Paragard 380A is an IUD made by Teva Pharmaceuticals that has caused pain and suffering in many women across the United States. Lawsuits across the country are lining up against Teva Pharmaceuticals for creating a defective contraceptive device.
Furthermore, the company failed to provide adequate removal (or ‘explant’) instructions to healthcare providers that did not include breakage. Read more below about Paragard, and if a Paragard lawsuit is right for you.
IUD and Birth Control
There are many forms of birth control available to women these days. From birth control pills to a patch, hormone shots and rings; many pharmaceutical companies have gotten creative with the various forms of birth control for women. One such method is to use an intrauterine device, known as an IUD.
An IUD is a T-shaped device that is inserted into the patient’s uterus, and is typically no bigger than the size of a quarter. It’s an incredibly convenient way of preventing pregnancy because there is very little maintenance that comes with it. According to Planned Parenthood, IUD is considered 99% effective; fewer than 1 pregnancy in 100 women will become pregnant with an IUD implant.
The IUD is especially convenient after a cesarean or vaginal birth, or at the very least during a postpartum checkup. There are two different kinds of IUDs; hormonal release or copper. The benefit of a copper is there are no hormones. Sperm has a natural aversion to copper, therefore the copper that makes up an IUD like Paragard, is effective at preventing sperm from ever reaching an egg. It is possible to leave a copper IUD in the uterus for up to 12 years.
Though an IUD sounds like a low-maintenance, convenient way of preventing pregnancy, they come with an increased risk of discomfort ranging from mild irritation to severe pain.
Common side effects of IUD include:
- Pain after insertion
- Irregular periods
- Heavier periods
The problem with the Paragard 380A IUD arises when the patient undergoes removal. The T-shaped device arms can break off, which would require an invasive procedure to retrieve the pieces.
When this happens, the doctor must perform a hysteroscopy, an endoscope inserted through the cervix into the uterine cavity. At this point, the doctor may require a procedure similar to a C-section where the doctor removes the pieces or a hysterectomy, the removal of the uterus and permanent infertility.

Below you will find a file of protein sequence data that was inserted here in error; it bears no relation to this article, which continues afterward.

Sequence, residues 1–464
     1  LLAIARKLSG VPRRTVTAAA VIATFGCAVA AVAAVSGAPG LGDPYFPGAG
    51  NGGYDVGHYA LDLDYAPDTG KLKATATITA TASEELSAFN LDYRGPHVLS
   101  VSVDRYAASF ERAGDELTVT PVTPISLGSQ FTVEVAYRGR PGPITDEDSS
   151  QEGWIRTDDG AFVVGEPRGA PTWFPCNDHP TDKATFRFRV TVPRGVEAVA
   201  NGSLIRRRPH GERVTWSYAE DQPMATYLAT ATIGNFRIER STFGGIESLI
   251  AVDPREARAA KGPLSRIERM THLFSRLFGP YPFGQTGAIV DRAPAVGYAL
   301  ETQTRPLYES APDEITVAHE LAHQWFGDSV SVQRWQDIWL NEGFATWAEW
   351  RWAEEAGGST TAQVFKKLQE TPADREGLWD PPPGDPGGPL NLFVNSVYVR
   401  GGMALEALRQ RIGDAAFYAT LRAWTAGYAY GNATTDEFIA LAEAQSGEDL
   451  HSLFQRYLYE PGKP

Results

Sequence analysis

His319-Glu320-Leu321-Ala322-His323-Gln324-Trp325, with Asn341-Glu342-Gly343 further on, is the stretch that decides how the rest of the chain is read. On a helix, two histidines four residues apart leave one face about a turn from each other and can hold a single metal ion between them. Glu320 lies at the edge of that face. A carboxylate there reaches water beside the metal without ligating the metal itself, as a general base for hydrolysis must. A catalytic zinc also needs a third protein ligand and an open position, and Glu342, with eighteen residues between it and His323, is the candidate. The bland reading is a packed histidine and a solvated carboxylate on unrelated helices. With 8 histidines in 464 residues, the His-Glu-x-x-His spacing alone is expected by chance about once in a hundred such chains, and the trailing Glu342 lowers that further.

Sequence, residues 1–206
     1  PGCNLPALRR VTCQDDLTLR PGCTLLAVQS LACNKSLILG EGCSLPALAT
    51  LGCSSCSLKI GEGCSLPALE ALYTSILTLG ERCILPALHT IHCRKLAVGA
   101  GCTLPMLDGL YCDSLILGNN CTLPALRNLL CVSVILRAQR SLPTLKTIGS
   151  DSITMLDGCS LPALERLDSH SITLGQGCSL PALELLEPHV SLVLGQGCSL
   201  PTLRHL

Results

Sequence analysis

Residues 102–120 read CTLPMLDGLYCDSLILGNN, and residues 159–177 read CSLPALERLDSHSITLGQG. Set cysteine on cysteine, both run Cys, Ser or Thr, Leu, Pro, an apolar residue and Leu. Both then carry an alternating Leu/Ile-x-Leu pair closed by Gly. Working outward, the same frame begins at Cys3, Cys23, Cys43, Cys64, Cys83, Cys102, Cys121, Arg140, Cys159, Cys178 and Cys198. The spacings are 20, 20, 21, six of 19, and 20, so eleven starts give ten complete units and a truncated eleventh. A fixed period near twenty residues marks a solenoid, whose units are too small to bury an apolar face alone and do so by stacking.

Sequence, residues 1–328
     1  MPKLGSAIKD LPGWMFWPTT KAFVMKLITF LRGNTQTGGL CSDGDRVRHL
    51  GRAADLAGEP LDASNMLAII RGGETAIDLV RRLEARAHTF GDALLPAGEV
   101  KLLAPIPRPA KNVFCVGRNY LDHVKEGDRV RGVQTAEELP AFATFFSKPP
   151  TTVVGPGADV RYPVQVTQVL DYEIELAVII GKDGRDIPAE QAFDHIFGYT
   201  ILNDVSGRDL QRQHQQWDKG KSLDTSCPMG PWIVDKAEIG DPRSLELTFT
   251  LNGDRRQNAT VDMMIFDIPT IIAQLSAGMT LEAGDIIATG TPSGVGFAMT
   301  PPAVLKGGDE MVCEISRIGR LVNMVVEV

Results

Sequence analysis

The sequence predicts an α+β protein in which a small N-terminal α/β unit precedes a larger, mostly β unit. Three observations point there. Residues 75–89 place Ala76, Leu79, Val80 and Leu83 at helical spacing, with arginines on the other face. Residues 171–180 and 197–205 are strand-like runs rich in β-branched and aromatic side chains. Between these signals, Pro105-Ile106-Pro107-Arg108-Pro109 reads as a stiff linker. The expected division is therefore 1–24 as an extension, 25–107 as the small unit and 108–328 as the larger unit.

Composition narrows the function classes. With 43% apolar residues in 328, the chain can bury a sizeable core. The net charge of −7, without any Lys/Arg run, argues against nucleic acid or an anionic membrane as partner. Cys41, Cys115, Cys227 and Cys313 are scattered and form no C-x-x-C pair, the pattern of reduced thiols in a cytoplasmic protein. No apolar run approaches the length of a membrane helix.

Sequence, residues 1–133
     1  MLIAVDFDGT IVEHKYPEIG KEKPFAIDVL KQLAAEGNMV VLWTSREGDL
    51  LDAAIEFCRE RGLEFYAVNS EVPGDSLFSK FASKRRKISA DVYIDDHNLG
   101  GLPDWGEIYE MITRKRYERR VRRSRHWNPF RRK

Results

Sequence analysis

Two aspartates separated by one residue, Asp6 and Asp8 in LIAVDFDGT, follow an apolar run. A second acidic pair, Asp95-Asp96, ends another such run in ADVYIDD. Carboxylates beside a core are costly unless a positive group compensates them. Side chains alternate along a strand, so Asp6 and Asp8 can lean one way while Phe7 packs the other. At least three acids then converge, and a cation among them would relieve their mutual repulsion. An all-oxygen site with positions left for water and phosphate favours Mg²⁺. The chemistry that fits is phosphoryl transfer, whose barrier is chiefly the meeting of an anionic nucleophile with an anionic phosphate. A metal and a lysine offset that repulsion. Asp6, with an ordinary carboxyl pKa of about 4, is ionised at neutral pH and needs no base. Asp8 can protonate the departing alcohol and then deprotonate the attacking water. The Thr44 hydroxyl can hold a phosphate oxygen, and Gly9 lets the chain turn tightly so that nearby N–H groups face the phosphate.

Some alarming instances have occurred when the doctor is unable to find the broken IUD pieces at all. This indicates it may have become embedded into the uterine wall or traveled elsewhere in the anatomy.
It’s important to note, though most of the time the device arms break during removal, it can also break beforehand.
Major side effects of the Paragard IUD include:
- IUD breaking upon removal
- IUD expulsion from, or falling out of the uterus
- Perforation of the uterus, uterine wall, or cervix
- Ectopic pregnancy
- Inflammation and/or allergic reaction because of the copper left in the body
- Scarring and damage to other organs
- Pseudotumor cerebri (PTC), or idiopathic intracranial
- Severe menstrual pain, heavy bleeding, cramps, or spotting
- Pelvic inflammatory disease
- Organ perforation or damage to the organs
- Death from any of the above
If you have suffered any of the injuries mentioned above, you may be entitled to financial compensation by filing a Paragard lawsuit.
Paragard remains on the consumer market
The US Food and Drug Administration initially approved the Paragard IUD as far back as 1984. Since 1994, it has been approved for up to ten years of use and implantation in the body. Though there was a recall in 2019 due to sterility issues, the Paragard T 380A remains on the consumer market, despite harrowing instances of device failure.
The copper Paragard has been said to be better and more effective than the Bayer company’s Mirena IUD, which has been linked to causing pseudotumor cerebri (PTC). However, the risk of Paragard may outweigh the benefits to using it.
The pain from a defective IUD is more than an inconvenience– it is excruciating and requires time to heal. Not only may you be required to attend many doctor’s appointments and consultations, but the amount of pain or an inevitable surgery will cause you to miss work. This begins to add up, and many people experience extreme financial loss to the defective IUD.
Do you have a Paragard lawsuit?
If you or someone you love have suffered after having a Paragard 380A IUD, including breakage during removal, contact the Paragard lawyers at Johnson // Becker today. You may be entitled to financial compensation by filing a lawsuit against Teva Pharmaceuticals. We offer a Free Case Evaluation and would be honored to speak with you.